Johann Michael Maucher (1645-1701) was one of the most famous South German carvers and gunstockers of the seventeenth Century. He was born into a family of wood, ivory and amber carvers in Schwbisch-Gmnd and worked there until 1688. He moved to Augsburg, then to Wrzburg in about 1693, where he remained until his death.
Maucher is known to have made objects of all kinds in ivory, wood and stone, including figures and several large ewers and basins. Like his firearms such objects were intended for the Kunstkammer, as objects for display, rather than for use. He is reported to have presented a richly decorated gun to the Emperor Leopold I in 1688. A still life of 1698-9 by the Dutch artist Dirk Valkenburg in the collections of the Princes of Liechtenstein at Vaduz includes a Maucher rifle which belonged to Prince Adam Andreas von Liechtenstein (1657-1712): the rifle remains to-day in the Princely collections (inv. no. 859). About thirty firearms by Maucher have survived, mostly rifles, but only some of them are signed. Most of them are now in public collections, the largest group being in the Bayerisches Nationalmuseum, Munich.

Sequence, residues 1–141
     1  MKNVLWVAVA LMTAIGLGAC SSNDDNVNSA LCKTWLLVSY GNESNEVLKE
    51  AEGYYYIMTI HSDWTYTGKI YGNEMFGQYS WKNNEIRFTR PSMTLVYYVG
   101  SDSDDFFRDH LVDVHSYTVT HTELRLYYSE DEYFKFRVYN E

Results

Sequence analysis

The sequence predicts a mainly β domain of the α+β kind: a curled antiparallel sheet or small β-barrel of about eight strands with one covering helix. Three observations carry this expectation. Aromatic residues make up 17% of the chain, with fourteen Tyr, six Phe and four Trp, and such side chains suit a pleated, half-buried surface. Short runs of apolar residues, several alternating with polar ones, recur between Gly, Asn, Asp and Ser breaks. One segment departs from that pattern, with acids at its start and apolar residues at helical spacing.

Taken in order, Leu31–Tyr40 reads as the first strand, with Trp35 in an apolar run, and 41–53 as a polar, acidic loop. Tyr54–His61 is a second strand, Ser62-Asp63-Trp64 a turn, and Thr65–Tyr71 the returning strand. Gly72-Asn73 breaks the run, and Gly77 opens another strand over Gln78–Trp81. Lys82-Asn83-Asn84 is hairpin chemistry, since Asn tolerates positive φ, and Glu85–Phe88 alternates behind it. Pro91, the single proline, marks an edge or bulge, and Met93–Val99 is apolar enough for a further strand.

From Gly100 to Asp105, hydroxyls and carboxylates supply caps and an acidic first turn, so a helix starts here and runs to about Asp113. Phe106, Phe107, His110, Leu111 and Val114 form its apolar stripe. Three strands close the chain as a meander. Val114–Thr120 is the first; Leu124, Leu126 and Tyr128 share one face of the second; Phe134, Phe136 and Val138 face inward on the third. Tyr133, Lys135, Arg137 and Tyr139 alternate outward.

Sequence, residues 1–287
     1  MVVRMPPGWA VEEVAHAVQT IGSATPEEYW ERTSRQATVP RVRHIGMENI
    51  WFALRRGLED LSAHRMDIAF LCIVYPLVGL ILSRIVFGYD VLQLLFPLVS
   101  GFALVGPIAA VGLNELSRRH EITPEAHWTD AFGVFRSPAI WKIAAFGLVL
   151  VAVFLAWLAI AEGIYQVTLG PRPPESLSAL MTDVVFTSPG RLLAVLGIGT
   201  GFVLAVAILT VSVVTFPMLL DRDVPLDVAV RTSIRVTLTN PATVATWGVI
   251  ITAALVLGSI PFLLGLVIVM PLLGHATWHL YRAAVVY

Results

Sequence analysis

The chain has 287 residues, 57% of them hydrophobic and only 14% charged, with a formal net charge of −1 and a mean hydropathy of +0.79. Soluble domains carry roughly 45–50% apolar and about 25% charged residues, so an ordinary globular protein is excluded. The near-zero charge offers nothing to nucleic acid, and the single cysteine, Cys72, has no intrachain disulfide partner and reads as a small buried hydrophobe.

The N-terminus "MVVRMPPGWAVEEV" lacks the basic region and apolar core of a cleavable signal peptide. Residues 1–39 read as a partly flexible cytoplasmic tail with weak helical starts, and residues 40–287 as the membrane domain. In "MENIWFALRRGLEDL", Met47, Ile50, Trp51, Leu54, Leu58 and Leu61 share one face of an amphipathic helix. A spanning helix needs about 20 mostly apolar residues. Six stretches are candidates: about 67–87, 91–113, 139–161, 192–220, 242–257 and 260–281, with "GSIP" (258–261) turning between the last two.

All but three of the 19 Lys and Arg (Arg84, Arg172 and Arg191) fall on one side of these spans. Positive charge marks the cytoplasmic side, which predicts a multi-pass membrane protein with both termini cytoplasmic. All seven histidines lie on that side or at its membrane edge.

A signed rifle from the Armoury of the Princes zu Salm-Reifferscheidt-Dyck, Schlo Dyck, now in a public collection, was sold in these Rooms, 15 April 1992, lot 169 (137,500, the world auction record for a European antique firearm).
For further information on Maucher, see W. Klein, Johann Michael und Christoph Maucher, Schwbisch-Gmnd, 1920: 'Die Elfenbeinschnitzer-Familie Maucher von Scwb. Gmnd', Gmnder Heimatbltter, Schwbisch-Gmnd, no. 10, October 1933, pp. 137-167, and no. 12, December 1933, pp. 185-195; A. Ehmer, Die Maucher, Schwbisch-Gmnd, 1992.